A few Sundays ago, I had the privilege of singing three settings of the Te Deum – that great text of proclamation, praise, and thanksgiving – with the Bradley Community Chorale accompanied by the Bradley Orchestra. What a great experience and great opportunity to enter deeply into that great text of Christendom and into the minds of three great composers. The settings we sang were by Franz Josef Haydn, Antonín Dvořák, and Anton Bruckner. Each of them had their great moments of intimacy, majesty, and beauty as the composers were moved by the various verses of the text.
However, probably my favorite moment, and one I will never forget, is what one of the singers said at the Saturday rehearsal after the conclusion of the Dvořák Te Deum. Dvořák ends his Te Deum with some phenomenal fanfares by the orchestra while the choir exclaims “Alleluia!” over and over and over again. After the last chord had died down, a young Bradley student behind me, who was either in his late teens or early twenties, summed it all up by simply saying, “Epic!”
I smiled in agreement. In one word he had summarized what sacred music offers us. Sacred music, and choral music in particular, provides us with “Epic!” expressions of the faith. It allows us to experience all the attributes of God – His divine majesty, His divine mercy, His enduring love, and the divine mystery of it all – in a much deeper way, a way that goes far beyond even the spoken word (not to challenge the importance of the spoken word).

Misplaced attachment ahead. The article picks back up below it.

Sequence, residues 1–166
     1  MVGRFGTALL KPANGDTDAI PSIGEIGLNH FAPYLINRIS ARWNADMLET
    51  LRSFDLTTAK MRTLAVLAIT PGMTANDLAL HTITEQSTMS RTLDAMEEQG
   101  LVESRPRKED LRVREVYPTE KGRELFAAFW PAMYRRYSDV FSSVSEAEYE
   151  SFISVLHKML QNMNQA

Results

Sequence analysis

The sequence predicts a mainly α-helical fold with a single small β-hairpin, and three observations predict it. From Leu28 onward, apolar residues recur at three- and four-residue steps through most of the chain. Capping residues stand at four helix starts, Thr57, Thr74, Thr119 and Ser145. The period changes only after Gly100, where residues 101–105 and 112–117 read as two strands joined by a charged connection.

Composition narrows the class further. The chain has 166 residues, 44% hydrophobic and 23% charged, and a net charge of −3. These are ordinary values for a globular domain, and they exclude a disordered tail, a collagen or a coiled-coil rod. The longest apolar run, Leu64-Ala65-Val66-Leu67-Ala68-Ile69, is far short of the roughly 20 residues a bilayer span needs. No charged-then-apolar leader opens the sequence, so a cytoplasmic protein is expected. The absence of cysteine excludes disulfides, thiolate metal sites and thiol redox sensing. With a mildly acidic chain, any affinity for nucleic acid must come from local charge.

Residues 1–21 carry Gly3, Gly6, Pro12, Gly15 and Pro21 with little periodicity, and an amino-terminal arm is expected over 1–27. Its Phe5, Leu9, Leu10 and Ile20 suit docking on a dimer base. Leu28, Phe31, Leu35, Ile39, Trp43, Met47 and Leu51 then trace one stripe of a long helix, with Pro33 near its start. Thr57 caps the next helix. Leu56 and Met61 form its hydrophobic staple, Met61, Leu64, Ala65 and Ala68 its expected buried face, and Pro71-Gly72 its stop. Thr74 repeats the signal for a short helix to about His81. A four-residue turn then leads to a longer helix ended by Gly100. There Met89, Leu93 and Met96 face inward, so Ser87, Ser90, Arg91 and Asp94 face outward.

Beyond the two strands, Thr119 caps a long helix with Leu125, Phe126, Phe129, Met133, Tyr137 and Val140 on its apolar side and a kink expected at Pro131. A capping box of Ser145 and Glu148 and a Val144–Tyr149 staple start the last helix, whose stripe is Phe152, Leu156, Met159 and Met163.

Of course, God knew this from the beginning. That is why throughout Scripture he uses music to proclaim His love for us and reveal Himself to us. Fortunately for us, the song is not over. When we combine word with music, we enter into the eternal song of the angels. As it says in the Te Deum:
Tibi omnes Angeli; tibi Caeli et universae Potestates;
To Thee all the Angels, the Heavens and all the Powers,
Tibi Cherubim et Seraphim incessabili voce proclamant:
all the Cherubim and Seraphim, unceasingly proclaim:
Sanctus, Sanctus, Sanctus, Dominus Deus Sabaoth.
Holy, Holy, Holy, Lord God of Hosts!
Pleni sunt caeli et terra maiestatis gloriae tuae.
Heaven and earth are full of the Majesty of Thy glory.
Te gloriosus Apostolorum chorus,
The glorious choir of the Apostles,
Te Prophetarum laudabilis numerus,
the wonderful company of Prophets,
Te Martyrum candidatus laudat exercitus.
the white-robed army of Martyrs, praise Thee.
And that was just the start of that week. Then I went down to St. Louis to conduct the American Kantorei in some more “Epic!” expressions of the faith. Another unforgettable experience in many ways. More on that later.